The new examples used to test the model are known as the test set. Novices will often ask, "How many data pairs do you need for successful training?" or "How many pairs do you need for a meaningful test?" Both these questions are based on false premises. It's not so much a question of the number of examples or the size of the database – it's more about the information.

In the preceding example, for instance, if the training set only contains images of the dogs at the local dachshund kennel, and the test set contains images of the general dog population, the testing will not go well no matter how many training images you use. No matter how many times you take pictures of the dachshunds, and no matter the angle of the pictures or what the dogs are doing, the model has still never seen a husky or a mastiff. Of course, more is better when you're dealing with data, but it all boils down to whether the training set represents a good and representative mix.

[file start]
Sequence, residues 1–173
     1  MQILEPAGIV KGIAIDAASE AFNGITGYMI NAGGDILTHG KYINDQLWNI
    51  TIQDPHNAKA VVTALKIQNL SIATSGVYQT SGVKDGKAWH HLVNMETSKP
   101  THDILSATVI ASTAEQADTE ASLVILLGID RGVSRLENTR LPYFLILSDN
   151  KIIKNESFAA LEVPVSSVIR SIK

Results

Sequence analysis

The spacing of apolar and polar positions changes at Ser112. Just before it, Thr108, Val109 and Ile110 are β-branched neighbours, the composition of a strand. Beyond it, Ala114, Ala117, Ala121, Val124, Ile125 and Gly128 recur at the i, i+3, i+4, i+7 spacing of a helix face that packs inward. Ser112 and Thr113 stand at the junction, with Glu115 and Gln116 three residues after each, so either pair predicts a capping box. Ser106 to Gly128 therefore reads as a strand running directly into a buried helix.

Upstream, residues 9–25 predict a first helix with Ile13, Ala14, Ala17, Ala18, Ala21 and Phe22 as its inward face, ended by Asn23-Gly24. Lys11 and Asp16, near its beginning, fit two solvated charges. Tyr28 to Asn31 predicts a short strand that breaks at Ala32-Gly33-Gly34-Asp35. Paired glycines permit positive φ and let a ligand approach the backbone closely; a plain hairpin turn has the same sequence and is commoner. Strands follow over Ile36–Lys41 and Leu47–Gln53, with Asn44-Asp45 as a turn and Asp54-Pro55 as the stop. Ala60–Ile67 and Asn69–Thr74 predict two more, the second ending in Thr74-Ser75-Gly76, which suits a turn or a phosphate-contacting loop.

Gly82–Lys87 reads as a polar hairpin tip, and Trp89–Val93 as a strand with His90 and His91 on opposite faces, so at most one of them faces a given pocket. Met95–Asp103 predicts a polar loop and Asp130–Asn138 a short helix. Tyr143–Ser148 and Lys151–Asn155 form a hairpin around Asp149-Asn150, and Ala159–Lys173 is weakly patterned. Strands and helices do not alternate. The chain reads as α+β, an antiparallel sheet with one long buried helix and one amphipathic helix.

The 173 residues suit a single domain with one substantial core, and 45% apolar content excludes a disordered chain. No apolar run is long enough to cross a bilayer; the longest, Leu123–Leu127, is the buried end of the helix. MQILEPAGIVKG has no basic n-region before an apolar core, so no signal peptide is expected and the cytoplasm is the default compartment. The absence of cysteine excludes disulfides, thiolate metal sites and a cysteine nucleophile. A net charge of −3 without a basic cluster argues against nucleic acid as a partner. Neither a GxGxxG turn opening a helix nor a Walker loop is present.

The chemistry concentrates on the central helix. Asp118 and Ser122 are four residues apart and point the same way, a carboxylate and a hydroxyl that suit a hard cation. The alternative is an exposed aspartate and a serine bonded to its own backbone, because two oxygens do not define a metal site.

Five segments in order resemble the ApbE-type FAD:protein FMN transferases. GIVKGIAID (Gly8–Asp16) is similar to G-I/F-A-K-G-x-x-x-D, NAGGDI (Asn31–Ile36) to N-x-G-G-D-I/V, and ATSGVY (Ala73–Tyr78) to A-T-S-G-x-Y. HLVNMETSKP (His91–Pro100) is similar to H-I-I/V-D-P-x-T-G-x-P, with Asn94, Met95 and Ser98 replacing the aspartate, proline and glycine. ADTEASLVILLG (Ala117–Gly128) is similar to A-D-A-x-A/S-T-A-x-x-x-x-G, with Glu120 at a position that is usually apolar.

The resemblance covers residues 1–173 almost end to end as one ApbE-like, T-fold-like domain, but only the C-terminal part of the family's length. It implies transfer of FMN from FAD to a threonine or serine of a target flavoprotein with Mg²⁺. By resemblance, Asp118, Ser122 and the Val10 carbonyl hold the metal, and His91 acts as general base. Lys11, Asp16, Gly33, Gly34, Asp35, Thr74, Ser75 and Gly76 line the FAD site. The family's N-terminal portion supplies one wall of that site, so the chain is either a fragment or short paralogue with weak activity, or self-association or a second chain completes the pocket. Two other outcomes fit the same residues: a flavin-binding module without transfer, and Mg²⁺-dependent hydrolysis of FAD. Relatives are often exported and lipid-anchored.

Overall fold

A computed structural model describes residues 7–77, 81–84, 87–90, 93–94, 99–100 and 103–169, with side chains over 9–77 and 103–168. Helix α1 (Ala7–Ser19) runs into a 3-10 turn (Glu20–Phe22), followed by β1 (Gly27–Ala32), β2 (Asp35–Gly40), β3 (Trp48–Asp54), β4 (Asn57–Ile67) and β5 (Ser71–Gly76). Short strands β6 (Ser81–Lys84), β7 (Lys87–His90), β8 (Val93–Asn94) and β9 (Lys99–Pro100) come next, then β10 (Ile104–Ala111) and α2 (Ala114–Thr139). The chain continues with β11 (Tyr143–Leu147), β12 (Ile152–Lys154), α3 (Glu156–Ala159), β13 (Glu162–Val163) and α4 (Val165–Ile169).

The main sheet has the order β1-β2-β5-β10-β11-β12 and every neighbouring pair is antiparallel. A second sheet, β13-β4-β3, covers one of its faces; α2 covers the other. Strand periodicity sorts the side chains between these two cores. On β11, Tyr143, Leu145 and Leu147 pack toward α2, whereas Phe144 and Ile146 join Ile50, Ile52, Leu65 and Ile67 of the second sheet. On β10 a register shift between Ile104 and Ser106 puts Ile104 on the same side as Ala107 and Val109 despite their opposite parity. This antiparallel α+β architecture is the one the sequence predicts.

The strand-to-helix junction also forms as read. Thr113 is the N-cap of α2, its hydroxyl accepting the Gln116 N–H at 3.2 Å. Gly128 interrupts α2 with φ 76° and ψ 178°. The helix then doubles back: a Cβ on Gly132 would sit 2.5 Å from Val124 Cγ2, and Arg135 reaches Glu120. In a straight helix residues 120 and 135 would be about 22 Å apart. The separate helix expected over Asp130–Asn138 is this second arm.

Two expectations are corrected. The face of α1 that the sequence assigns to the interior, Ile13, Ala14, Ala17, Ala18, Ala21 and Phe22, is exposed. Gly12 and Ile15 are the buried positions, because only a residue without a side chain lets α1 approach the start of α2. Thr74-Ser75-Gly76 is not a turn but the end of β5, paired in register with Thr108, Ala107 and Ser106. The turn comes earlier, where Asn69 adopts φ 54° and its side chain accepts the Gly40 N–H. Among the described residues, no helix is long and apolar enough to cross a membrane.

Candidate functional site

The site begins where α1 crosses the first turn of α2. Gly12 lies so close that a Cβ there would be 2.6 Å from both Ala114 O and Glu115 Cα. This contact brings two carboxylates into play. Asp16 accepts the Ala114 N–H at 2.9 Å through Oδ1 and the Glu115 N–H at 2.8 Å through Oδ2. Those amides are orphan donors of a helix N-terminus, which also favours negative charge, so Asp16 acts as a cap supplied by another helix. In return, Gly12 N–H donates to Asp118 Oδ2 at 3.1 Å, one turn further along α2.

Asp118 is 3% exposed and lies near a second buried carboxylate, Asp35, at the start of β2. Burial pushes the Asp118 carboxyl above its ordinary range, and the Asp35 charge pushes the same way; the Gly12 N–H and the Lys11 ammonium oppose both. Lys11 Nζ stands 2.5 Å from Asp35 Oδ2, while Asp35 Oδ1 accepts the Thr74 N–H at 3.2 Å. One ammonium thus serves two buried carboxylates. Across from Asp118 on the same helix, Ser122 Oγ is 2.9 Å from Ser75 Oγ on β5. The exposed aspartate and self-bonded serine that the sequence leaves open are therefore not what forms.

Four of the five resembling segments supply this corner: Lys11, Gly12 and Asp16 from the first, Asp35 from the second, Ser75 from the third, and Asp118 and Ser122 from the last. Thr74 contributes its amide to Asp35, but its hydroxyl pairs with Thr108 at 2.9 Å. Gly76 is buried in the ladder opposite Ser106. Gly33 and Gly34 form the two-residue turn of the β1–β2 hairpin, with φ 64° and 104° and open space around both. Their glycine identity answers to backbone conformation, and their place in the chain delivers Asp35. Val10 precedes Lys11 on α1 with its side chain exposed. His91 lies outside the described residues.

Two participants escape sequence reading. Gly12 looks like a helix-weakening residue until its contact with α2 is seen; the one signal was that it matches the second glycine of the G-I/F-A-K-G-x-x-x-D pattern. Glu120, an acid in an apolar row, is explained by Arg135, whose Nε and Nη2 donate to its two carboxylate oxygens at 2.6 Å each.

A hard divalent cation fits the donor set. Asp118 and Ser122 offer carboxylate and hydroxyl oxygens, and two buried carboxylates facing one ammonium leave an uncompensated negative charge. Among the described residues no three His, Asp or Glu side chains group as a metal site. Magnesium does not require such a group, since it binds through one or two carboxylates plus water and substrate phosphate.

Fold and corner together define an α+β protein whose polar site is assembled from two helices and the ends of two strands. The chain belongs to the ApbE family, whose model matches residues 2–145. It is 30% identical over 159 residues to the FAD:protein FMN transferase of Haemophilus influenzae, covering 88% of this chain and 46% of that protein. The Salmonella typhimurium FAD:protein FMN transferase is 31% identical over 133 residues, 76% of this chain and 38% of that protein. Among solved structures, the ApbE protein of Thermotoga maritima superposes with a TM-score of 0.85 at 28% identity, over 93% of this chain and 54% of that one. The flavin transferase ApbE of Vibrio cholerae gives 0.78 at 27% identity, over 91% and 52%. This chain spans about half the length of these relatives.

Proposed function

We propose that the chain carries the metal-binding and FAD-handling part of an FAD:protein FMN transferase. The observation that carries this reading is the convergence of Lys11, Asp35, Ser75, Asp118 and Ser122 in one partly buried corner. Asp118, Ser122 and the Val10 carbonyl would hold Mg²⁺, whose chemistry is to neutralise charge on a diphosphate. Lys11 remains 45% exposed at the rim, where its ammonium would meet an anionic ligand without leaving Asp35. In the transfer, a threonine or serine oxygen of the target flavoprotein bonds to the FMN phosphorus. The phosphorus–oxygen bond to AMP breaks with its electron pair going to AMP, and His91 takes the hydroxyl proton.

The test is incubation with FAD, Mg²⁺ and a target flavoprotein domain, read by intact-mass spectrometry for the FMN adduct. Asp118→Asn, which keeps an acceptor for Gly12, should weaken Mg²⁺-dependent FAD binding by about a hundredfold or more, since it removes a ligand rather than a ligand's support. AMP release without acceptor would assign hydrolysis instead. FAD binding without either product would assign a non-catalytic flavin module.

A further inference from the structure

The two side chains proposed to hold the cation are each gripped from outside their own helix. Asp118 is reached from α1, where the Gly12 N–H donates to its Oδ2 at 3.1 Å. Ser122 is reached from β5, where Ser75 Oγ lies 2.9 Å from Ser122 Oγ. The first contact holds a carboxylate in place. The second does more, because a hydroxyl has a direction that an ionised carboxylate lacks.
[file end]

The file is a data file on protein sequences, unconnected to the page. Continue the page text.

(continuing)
This need for a good mix is also true for the test set. What the set doesn't include cannot be tested. Don't panic: In many models, learning by example can be used in conjunction with domain knowledge to deal with the unknown, but that approach will not work everywhere. Just to recap, supervised learning requires datasets that people have already embellished, and, although more is better than less, it's ultimately the mix that matters (Figure 1).

Figure 1: Supervised learning takes place wherever there is a teacher who knows the right answers and can correct the learner. Learning is by example, based on answers judged by the teacher to be right or wrong. © Ian Allenden, 123RF.com